Eruditorum Press

Pounded in the butt by dialectical materialism.

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Jane Campbell

10 Comments

  1. Aveeno
    October 20, 2015 @ 5:28 am

    So?

    Reply

    • Aveeno
      October 20, 2015 @ 5:34 am

      Sorry! Wrong blog!

      Reply

  2. UrsulaL
    October 20, 2015 @ 9:47 am

    I would add that the final scene, spinning around the newly-immortal Ashildr, draws attention to the power of eyes in a different way. It shows, dramatically, just how much acting is done with they eyes, and how much emotion is conveyed by subtle changes in facial expression around the eyes.

    Reply

    • Jane Campbell
      October 20, 2015 @ 9:57 am

      Yes, it’s an amazing shot, and it’s nailed precisely because of the emotion conveyed through Ashildr’s eyes.

      Reply

  3. Ashly
    October 20, 2015 @ 10:32 am

    So cool you choose this shot and this scene. And it was really interesting to read about mythology. I had a task about Odin for essay writing australia, but your explanation I like even more! Thank you for this post!

    Reply

  4. Bar
    October 20, 2015 @ 4:00 pm

    Given one season theme seems to be the importance of story-telling, overtly showing us the art of writing as they go, it’s the metaphorical, story mirror images that are leaping out at me this time, e.g.
    in BTF he blows up a dam to make everything safe, in TGWD he starts a tiny ripple, which will become a dangerous tidal wave.
    In UTL he needs promt cards to say ‘sorry for your loss,’ in TGWD he retreats with a shaken ‘i’m sorry, I’m really terribly sorry.’
    in UTL/BTF he finds a way to save Clara without breaking the rules, in TGWD he breaks the rules to save one he doesn’t know.

    Reply

  5. Camestros Felapton
    October 20, 2015 @ 10:46 pm

    So far: 1/2 Sewers, 3/4 dam, 5 lake/barrels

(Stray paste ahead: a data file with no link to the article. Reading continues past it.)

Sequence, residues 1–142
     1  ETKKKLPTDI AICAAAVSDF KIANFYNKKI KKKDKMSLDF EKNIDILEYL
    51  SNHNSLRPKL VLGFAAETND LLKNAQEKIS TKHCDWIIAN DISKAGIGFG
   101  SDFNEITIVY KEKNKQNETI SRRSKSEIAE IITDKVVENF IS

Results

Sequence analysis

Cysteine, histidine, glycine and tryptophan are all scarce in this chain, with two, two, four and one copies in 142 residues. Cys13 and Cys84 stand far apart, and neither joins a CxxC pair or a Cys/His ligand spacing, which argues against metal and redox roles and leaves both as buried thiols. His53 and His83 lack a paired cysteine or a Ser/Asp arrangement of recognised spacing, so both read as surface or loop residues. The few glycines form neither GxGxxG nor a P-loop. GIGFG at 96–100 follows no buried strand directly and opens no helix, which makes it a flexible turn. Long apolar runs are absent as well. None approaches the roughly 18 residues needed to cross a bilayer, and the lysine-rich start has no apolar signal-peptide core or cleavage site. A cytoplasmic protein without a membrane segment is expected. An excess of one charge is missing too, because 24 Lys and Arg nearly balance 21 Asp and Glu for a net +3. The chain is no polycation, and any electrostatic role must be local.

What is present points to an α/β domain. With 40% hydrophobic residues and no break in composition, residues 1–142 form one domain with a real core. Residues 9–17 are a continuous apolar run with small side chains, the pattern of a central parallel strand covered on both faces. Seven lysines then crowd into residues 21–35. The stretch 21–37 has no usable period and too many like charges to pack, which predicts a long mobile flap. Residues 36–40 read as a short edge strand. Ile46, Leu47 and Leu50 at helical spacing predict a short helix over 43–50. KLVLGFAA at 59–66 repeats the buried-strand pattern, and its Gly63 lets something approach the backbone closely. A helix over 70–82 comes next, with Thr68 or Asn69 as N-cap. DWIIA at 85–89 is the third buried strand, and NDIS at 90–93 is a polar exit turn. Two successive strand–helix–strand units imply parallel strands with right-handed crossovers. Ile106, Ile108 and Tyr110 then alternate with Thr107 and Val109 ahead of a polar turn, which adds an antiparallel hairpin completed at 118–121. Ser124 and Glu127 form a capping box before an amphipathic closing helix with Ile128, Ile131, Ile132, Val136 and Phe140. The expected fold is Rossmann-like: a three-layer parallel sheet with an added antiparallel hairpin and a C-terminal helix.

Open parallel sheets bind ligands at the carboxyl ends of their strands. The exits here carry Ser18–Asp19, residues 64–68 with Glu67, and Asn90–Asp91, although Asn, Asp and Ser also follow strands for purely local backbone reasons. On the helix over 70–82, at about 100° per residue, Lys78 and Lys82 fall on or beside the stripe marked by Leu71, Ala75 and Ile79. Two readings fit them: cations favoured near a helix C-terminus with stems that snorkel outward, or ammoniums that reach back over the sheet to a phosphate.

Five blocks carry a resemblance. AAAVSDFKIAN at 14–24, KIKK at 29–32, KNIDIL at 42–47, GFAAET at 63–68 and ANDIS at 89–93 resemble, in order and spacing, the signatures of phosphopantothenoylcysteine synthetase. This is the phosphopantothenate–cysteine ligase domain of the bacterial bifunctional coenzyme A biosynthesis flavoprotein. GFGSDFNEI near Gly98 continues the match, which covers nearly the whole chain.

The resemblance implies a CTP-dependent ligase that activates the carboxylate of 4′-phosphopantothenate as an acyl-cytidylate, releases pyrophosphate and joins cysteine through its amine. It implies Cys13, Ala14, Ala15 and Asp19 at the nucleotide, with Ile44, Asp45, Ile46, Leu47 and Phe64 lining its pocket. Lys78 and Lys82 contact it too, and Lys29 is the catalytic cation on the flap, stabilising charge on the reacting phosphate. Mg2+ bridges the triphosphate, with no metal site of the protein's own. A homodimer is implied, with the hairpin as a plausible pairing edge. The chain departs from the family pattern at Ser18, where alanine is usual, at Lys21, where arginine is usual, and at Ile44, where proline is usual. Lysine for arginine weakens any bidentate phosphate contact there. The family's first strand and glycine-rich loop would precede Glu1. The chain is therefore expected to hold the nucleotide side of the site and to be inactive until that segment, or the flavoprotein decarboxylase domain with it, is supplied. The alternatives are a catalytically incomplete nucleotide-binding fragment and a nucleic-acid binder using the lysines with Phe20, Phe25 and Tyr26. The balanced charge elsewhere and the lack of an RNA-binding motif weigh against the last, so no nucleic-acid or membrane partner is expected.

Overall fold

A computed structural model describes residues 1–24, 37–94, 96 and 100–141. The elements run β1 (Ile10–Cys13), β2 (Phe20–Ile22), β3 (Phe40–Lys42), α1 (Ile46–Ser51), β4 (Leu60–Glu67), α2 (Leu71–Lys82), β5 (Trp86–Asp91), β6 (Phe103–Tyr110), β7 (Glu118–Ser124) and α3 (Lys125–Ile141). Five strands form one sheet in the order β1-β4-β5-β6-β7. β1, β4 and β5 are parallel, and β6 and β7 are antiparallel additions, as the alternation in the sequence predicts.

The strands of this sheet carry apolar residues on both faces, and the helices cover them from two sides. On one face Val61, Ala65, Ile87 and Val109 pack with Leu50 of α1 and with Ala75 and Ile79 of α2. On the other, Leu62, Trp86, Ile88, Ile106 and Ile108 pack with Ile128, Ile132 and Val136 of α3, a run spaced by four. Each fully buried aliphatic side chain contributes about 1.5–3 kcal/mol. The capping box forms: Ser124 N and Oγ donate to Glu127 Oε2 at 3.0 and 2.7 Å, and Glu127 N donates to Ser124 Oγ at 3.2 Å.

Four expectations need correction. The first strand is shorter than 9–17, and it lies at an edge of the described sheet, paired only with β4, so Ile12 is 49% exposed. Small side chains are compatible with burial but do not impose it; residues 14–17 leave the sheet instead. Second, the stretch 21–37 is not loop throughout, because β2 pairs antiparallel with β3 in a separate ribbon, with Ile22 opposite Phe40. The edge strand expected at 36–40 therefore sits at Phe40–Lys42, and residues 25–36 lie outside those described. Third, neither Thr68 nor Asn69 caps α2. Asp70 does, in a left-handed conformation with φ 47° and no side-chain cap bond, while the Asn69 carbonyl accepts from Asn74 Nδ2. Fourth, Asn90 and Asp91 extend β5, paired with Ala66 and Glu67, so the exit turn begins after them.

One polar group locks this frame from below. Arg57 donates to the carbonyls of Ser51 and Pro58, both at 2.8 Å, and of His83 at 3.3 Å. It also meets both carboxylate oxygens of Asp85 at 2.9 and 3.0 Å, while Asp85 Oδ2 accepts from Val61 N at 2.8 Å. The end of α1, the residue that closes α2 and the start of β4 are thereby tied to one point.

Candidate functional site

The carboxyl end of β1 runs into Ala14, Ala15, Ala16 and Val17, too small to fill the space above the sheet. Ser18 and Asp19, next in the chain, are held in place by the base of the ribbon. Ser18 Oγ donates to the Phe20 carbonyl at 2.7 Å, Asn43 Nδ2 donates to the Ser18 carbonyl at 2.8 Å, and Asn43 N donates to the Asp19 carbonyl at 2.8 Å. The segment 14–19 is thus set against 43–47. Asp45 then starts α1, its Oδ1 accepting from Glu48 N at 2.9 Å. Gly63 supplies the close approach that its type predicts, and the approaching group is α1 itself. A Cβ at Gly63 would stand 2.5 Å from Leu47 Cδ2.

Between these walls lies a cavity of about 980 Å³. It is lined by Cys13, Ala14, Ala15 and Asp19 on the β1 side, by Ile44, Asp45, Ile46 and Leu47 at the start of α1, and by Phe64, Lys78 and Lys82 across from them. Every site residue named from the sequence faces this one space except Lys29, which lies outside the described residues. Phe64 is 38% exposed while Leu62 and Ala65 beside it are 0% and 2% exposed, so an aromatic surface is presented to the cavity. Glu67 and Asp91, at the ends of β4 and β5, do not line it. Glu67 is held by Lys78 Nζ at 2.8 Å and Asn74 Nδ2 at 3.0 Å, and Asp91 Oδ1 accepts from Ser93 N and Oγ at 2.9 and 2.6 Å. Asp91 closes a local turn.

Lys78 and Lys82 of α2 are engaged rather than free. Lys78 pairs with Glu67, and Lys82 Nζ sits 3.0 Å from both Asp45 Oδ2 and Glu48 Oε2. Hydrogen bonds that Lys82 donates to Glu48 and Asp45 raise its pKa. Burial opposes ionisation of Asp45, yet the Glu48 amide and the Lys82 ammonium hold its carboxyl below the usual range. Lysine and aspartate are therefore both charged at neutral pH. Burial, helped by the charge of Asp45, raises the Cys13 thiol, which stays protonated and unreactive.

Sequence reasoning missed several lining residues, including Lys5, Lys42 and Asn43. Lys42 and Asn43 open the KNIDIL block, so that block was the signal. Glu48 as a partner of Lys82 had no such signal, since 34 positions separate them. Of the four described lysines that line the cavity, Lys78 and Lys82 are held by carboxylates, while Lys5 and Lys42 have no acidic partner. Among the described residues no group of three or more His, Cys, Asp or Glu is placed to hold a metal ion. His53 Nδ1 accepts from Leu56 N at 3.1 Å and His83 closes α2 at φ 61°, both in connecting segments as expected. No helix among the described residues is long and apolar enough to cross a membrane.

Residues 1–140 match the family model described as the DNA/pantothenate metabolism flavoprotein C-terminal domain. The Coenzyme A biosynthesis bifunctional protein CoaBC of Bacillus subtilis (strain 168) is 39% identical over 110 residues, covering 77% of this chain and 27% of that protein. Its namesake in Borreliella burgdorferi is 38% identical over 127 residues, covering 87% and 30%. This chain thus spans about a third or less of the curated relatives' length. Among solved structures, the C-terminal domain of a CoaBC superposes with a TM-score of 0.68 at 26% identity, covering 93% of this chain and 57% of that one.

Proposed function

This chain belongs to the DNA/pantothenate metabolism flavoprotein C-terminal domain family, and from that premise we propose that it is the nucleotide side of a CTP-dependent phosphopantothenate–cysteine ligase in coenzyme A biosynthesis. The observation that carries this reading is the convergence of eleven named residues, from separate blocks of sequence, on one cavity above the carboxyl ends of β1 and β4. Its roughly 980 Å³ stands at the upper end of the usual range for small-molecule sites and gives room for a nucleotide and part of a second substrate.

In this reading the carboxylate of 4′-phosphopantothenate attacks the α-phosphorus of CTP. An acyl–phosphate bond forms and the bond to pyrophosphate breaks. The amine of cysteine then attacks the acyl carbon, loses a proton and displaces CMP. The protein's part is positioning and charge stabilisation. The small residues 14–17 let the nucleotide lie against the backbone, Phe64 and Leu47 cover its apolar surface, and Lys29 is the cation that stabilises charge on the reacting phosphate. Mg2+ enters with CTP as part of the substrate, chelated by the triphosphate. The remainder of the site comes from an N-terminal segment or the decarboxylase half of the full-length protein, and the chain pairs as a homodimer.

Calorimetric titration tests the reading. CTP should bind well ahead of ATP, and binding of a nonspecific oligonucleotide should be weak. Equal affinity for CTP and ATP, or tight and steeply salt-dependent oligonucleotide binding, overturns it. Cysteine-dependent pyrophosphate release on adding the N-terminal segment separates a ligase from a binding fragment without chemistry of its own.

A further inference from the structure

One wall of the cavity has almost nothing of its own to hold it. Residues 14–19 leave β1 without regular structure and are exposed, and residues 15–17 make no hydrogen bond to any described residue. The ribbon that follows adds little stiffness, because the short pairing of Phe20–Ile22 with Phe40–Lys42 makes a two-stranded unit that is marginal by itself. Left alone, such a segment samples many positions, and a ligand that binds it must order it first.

Reply

  6. John
    October 21, 2015 @ 7:57 am

    I don’t feel erudite enough to respond more fully, but I really enjoy these observations and insights. More please. 🙂

    Reply

  7. Jeremy Young
    October 22, 2015 @ 12:59 am

    I love this so much, this article specifically, but this kind of dismantling in general. I hope this isn’t too much of a tangent, but if red lighting et al indicates a rubedo stage, and you also discussed color symbolism as albedo and nigredo which makes enough sense to me in relation to the alchemy, what would blue or green light or coloring refer to? Do they have a stage in this, or some relation? Or does that break out to different symbolism? Where can I learn this stuff??!? I’se gots to know now!

    Reply

    • Jane Campbell
      October 22, 2015 @ 10:33 am

      Hi Jeremy,

      I think it’s important to note that such color symbolism as I note isn’t “inherent” to the colors themselves, but is contextual to the text. Black/White/Red, for example, can have a lot of different meanings, the alchemical progression being just one of them.

      And of course color symbolism can work on multiple levels. Amy Pond’s color, for example, was definitely Red, while Rory’s tended to be Green… but RTD often reserved Green for monsters and the monstrous. Rose Tyler, of course, Red. River’s palette was predominately gold. In the Clara era, on the other hand, Yellow is often used as a marker of Death, kind of like Orange in the Godfather movies.

      Throughout the Revival, we often see a juxtaposition of Red and Blue, in which case it’s functioning as a Union of Opposites, like Fire and Water, respectively: Rory’s new car is Red, parked out front of a Blue door to their new home, or Melody’s bright red corvette swerving up to the TARDIS. I found it particularly interesting when Eleven opted for a Purple coat, a literal union of red and blue. In the Davies era, a Blue time-tunnel was for traveling back in the past, while Red was traveling into the future.

      And of course the TARDIS is blue, making this a Doctorly color. Look at Rose and you’ll see the Doctor framed in Blue light (a halo, at that) when he stands in front of that magnificent ferris wheel… called The London Eye. 🙂 I tend to think Blue is used for something outside the Alchemical spectrum, an incursion or breach of the Divine that’s beyond the Great Work of us mere mortals. 😉

      Anyways, because the symbolism of color is context-dependent, it’s something we just have to pay attention to, see what contexts the colors are used in, and over time we can determine how to “code” their usage. So, going back to Series One, we get Gold used in a particular way in The Doctor Dances (healing nanogenes) and Boom Town (Heart of the TARDIS) and that in turn informs how Rose’s ascension in Parting of the Ways comes off. And even if we’re not paying attention, I do think it registers at the subconscious level, which is one of the reasons why that scene is so effective.

      In short, careful observation is the only key to true and complete awareness.

      Reply

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